stop the spread

The 'Stop The Spread' garden at the Chelsea Flower Show

DEFRA has backed a new taskforce report recommending the appointment of a plant health officer in the wake of last year’s tree ash dieback outbreak.

Environment secretary Owen Paterson, speaking during a visit to the RHS Chelsea Flower Show this week, urged horticulturalists to lend their support to the battle to protect British plants and trees from foreign diseases.

An eye-catching garden display titled “Stop The Spread” – co-funded by DEFRA and the Food and Environment Research Agency (Fera), and created by award-winning garden designer Jo Thompson – showcased at this year’s show displayed lifeless trees to demonstrate the potential impact of unchecked diseases on plant life.

The garden’s appearance coincides with the publication of a new independent taskforce, set up by Paterson, and a subsequent report which looks into how the UK government can strengthen tree health and plant biosecurity.

“This garden shows us what the worst case scenario could be if diseases were left to take hold of our trees,” said Paterson at this year’s Chelsea Flower Show.

He added: “Whether you’re a company importing plants on a commercial basis or someone bringing back a cutting from abroad, a pest can unwillingly travel back home and have a potentially devastating effect.”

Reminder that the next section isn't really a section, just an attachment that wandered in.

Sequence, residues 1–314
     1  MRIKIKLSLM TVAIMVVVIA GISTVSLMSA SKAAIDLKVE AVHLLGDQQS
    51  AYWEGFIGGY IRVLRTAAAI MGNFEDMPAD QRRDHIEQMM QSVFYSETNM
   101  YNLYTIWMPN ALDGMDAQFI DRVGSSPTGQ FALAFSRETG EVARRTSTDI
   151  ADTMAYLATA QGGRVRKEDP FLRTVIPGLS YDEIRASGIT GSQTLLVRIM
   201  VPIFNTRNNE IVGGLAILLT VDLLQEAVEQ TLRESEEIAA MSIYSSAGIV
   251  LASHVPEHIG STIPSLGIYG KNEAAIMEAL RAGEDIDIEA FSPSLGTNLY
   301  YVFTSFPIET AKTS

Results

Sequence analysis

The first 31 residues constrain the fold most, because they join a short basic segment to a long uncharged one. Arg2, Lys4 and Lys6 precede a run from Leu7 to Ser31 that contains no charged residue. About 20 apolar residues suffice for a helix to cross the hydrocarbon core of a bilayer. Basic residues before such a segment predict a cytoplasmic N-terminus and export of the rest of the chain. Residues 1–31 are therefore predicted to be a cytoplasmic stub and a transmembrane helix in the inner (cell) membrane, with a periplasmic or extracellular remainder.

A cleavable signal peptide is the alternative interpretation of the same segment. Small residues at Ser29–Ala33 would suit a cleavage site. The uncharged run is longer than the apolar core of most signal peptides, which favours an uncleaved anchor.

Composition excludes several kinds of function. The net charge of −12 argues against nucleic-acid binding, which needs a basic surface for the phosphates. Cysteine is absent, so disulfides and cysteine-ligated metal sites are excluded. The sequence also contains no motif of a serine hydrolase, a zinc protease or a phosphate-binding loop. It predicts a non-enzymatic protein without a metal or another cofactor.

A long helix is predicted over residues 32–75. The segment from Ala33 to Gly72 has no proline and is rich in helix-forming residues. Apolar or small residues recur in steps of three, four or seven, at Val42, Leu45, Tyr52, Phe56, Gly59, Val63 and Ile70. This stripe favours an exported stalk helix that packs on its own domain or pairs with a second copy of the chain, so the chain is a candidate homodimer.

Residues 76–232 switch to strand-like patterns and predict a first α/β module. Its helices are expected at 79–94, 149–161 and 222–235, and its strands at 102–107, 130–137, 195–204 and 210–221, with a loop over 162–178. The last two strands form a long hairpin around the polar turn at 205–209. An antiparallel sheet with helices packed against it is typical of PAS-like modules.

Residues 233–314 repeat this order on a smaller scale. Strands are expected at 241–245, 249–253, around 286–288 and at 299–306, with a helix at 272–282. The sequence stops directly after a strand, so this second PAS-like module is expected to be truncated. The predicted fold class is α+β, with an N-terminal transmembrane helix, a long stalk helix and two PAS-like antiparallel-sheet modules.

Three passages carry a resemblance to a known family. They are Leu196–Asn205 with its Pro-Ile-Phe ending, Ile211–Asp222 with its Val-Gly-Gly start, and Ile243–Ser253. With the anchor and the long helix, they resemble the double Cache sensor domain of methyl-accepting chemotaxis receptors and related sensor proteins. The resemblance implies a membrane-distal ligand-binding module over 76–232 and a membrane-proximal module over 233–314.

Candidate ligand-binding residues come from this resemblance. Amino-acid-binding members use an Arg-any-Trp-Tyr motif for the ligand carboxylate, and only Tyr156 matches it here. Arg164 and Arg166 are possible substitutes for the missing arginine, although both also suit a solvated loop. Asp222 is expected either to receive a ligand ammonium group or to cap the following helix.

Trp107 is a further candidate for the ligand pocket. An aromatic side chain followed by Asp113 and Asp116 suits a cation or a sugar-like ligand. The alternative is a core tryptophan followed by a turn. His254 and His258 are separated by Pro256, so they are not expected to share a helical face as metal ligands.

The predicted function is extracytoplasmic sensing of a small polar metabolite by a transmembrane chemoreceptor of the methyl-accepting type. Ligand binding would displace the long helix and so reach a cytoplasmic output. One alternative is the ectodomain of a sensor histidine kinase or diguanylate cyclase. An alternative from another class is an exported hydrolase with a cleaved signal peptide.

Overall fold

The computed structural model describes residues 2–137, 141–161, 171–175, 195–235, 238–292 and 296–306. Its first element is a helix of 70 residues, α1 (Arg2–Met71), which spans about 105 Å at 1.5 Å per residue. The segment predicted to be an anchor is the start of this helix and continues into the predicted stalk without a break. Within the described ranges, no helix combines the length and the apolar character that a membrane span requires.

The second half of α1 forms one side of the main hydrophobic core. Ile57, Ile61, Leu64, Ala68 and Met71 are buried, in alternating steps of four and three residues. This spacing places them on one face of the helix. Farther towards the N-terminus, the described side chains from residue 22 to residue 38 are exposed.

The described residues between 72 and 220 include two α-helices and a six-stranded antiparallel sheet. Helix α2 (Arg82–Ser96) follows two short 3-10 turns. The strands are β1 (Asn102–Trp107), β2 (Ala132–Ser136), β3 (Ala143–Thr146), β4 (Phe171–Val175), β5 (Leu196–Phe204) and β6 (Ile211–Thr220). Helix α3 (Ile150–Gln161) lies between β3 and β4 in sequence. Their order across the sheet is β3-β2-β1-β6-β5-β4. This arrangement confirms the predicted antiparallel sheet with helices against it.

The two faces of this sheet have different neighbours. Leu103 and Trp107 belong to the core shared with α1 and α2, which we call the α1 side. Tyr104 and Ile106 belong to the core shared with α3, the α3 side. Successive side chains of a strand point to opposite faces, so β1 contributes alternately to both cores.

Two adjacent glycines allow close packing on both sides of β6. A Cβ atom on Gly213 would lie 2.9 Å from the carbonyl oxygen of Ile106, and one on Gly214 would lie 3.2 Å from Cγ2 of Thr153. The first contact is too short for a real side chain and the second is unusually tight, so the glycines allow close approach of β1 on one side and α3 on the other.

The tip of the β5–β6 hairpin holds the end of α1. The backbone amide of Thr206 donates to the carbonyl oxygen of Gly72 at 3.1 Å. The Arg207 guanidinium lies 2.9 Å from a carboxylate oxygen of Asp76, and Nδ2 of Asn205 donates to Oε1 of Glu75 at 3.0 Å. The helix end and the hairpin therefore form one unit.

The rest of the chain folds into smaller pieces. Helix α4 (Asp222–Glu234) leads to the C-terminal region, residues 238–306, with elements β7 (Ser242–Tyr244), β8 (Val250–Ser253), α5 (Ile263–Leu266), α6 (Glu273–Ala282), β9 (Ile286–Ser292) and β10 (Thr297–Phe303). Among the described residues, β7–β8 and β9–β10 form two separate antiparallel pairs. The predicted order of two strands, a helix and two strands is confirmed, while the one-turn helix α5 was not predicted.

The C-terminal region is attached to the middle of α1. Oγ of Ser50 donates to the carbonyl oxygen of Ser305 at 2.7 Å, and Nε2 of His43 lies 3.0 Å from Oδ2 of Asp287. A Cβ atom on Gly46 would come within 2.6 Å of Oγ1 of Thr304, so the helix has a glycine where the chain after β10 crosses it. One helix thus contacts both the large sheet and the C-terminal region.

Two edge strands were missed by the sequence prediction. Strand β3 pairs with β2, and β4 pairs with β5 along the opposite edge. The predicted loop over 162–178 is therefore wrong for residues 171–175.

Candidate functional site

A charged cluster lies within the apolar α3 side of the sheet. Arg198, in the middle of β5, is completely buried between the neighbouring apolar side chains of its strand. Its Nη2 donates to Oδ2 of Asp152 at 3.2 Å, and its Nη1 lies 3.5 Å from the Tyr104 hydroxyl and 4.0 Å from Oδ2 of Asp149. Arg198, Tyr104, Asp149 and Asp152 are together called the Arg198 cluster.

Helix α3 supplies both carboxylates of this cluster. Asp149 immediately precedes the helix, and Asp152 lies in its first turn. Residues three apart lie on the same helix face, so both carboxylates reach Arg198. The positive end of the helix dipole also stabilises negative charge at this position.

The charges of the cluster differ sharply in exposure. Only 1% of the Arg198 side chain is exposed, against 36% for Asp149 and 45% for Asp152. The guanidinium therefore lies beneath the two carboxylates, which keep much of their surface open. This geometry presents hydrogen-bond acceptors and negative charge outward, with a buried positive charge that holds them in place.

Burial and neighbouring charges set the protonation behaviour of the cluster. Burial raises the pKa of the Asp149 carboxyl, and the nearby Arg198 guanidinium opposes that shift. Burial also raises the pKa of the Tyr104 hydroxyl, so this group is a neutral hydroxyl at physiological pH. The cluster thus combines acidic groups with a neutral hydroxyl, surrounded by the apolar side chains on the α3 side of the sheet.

The report, which has been put together by a taskforce of scientists chaired by Professor Chris Gilligan of the University of Cambridge, makes several recommendations, including the development of a UK plant health risk register; a greater focus on securing students with knowledge of plant science within the fresh produce sector; and an improvement of EU regulations relating to plant biosecurity.

Professor Ian Boyd, chief scientific adviser at DEFRA, said that the taskforce is “underpinned by the best science” and he is confident the government will now look to reduce the outbreak of plant diseases.

Furthermore, Paterson confirmed that work has already begun in developing a plant health risk register and implementing procedures to predict, monitor, and control pests and diseases. DEFRA will consider and respond to the rest of the taskforce report’s recommendations by the end of the summer.